How to stop your goose being cooked this Christmas

It is Christmas party time again. Every year without fail my clients say 'Oh Kate, for goodness sake, stop fussing!' And every year someone comes back to me and says "Er, didn't take your advice. Matey boy got drunk and...' Then we're into damage limitation.

by Kate Russell
Last Updated: 09 Oct 2013

So in my annual role as work Christmas party pooper I write to remind you that alarm bells might replace jingle bells if you’re not aware of the potential risks, such as harassment, alcohol-fuelled arguments and post-party absenteeism.

1. Ask but don’t require staff attend the office Christmas party. 

Christmas is a Christian festival, so do not put pressure on someone to attend if they do not want to on religious grounds.

2. It’s OK to decorate the office!

You might offend the style police with garish tinsel, but so long as safety rules are observed, it’s fine.

3.Don't let the Bad Santas spoil the fun

Remind employees that Secret Santa gifts must be appropriate and inoffensive.

4. The work Christmas party is just that; a party given by work.  

Remind employees that while you want them to have a good time, if they engage in language or behaviour that would result in discipline in the cold and sober light of day, it’s equally applicable at the party. Drunkenness is not a defence.

5. If it's on your watch, it's your problem

Employers can be vicariously liable for wrongful acts by employees (harassment, discrimination, assault or other unwanted conduct) even if it takes place at the office party.

6. Everything in moderation

Consider restricting the offer of free alcohol available and be prepared to ask individuals to take it easy if they appear worse for wear. Making food available early on helps soak up the booze. Be respectful of employees who, for whatever reason, do not drink. Ensure a plentiful supply of alcohol-free alternatives – and lots of water. Keep an eye out too for the office junior. Employers cannot allow under-18s to drink.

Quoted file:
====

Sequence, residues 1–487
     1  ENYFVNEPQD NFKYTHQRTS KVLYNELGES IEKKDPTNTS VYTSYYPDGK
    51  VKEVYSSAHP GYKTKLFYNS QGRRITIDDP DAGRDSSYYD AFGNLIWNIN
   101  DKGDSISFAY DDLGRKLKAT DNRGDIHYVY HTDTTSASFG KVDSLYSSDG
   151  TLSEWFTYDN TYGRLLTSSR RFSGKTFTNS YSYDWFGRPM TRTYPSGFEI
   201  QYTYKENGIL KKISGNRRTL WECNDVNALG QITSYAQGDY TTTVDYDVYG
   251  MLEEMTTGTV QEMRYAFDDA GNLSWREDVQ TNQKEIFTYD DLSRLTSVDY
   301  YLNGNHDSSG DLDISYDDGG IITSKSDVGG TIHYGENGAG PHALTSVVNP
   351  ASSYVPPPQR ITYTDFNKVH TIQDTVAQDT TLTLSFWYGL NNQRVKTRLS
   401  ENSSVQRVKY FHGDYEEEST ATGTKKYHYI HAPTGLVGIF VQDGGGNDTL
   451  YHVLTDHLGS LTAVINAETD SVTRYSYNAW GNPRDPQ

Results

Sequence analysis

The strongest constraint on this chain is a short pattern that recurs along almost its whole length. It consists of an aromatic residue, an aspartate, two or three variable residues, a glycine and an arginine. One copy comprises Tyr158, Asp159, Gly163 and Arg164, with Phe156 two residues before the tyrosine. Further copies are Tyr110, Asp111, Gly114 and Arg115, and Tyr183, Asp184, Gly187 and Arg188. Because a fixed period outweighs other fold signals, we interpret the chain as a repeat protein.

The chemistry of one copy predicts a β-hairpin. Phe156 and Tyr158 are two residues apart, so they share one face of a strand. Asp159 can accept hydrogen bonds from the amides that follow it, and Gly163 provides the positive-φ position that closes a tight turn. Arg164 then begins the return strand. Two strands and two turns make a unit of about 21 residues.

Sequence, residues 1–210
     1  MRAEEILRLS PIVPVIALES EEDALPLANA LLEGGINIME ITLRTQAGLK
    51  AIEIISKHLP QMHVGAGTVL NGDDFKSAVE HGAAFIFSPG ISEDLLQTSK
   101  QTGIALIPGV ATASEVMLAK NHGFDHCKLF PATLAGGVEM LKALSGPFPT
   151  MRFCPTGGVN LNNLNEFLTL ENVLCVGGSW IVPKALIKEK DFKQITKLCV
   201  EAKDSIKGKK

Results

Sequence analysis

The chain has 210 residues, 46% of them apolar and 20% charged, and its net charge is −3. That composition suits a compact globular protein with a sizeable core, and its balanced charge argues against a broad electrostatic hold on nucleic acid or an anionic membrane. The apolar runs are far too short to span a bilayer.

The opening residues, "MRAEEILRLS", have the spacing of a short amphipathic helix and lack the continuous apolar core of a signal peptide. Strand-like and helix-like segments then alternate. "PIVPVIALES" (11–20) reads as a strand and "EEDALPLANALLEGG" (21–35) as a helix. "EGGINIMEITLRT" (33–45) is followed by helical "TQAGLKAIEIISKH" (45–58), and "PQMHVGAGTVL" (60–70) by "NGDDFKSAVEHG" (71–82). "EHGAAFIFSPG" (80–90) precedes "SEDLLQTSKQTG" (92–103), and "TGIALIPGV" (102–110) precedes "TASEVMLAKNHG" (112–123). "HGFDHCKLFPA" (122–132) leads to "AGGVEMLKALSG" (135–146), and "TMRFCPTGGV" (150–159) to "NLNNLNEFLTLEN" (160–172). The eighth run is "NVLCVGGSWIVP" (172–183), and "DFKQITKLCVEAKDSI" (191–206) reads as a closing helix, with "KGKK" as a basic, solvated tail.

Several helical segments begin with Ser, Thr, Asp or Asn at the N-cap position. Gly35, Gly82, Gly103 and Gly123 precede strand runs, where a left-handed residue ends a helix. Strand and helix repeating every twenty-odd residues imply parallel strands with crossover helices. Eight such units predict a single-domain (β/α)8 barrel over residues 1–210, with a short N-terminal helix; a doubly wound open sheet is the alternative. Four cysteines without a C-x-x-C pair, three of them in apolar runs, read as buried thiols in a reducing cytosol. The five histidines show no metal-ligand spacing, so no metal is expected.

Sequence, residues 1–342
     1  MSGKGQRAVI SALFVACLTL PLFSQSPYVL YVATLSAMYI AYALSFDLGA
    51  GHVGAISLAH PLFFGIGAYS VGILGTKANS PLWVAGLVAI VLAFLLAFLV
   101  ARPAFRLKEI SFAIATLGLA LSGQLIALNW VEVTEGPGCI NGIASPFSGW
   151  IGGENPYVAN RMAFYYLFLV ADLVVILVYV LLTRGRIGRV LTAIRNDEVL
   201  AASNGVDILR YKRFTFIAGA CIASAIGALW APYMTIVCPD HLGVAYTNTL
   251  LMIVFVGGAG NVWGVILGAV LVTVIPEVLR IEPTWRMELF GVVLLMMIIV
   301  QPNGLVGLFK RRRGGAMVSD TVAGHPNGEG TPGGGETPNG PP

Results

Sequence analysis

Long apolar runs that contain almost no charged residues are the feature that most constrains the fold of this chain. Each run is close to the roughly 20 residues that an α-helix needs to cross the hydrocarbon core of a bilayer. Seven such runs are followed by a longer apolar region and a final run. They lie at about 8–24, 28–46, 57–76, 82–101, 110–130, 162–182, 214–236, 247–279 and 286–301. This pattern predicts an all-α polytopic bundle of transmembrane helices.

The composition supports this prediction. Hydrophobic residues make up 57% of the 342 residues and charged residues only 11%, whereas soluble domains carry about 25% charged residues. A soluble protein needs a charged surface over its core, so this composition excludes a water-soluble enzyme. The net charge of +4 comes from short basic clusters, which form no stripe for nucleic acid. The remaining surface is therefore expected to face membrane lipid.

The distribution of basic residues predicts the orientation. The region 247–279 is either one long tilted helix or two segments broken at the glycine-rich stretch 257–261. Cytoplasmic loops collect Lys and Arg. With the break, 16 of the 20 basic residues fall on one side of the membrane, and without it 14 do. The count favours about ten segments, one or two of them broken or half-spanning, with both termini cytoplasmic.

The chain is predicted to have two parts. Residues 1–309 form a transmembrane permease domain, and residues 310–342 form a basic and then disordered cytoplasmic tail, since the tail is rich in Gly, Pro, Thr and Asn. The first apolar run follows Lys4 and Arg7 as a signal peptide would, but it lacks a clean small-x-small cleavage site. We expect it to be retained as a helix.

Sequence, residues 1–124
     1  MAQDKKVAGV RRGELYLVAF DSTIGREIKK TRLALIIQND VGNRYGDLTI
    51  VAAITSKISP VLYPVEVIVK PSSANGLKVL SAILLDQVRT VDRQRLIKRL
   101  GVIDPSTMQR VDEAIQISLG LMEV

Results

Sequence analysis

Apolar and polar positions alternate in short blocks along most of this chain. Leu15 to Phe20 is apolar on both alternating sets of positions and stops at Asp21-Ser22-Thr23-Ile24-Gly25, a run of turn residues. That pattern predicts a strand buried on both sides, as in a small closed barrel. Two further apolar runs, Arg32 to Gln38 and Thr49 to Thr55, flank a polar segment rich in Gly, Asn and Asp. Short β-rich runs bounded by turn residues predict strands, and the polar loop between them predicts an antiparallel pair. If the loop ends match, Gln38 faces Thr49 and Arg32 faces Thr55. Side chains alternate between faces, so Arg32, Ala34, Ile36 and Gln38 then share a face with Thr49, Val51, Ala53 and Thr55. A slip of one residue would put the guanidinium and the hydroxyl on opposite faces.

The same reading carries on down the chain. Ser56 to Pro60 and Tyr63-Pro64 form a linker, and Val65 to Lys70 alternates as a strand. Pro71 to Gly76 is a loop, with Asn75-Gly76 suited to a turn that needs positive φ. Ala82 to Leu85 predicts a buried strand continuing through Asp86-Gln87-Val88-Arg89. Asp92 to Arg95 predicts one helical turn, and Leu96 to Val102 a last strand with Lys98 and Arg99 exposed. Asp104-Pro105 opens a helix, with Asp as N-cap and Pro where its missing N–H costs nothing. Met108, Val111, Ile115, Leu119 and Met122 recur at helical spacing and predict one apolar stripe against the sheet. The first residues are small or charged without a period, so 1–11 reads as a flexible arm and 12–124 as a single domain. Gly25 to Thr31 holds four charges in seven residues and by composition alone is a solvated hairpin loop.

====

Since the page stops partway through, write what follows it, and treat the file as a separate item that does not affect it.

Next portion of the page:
7. Be considerate of non-Christians

Remember that employees of certain religious beliefs may be vegetarian or unable to eat certain foods. Check beforehand about any special dietary requirements, so that these can be accommodated. By the way, UK catering for vegetarian food generally is pretty dire, so see if you can get something a bit more interesting than the ubiquitous vegetable lasagne or stilton and broccoli quiche. Just because it’s got a bit of cranberry sauce on the side doesn’t make it any more exciting!

8. When it comes to HR, 'in vino veritas'

Don’t make alcohol fuelled promises of promotion or pay rises. They’re binding.

9. Consider how your employees will get home after the party.  

Issue advice about not drinking and driving, as an employer might still be responsible for their employee driving home from an office party. Think also about providing transport home.

10. Be clear about your expectations regarding absence the next day.  

Ensure that all staff know the extent to which you will be lenient about coming to work late and that, if your expectations are breached, disciplinary action may be taken.

That's it from your Christmas Grinch for now. Have an enjoyable (and compliant) Christmas party!


Kate Russell is the MD of Russell HR Consulting.

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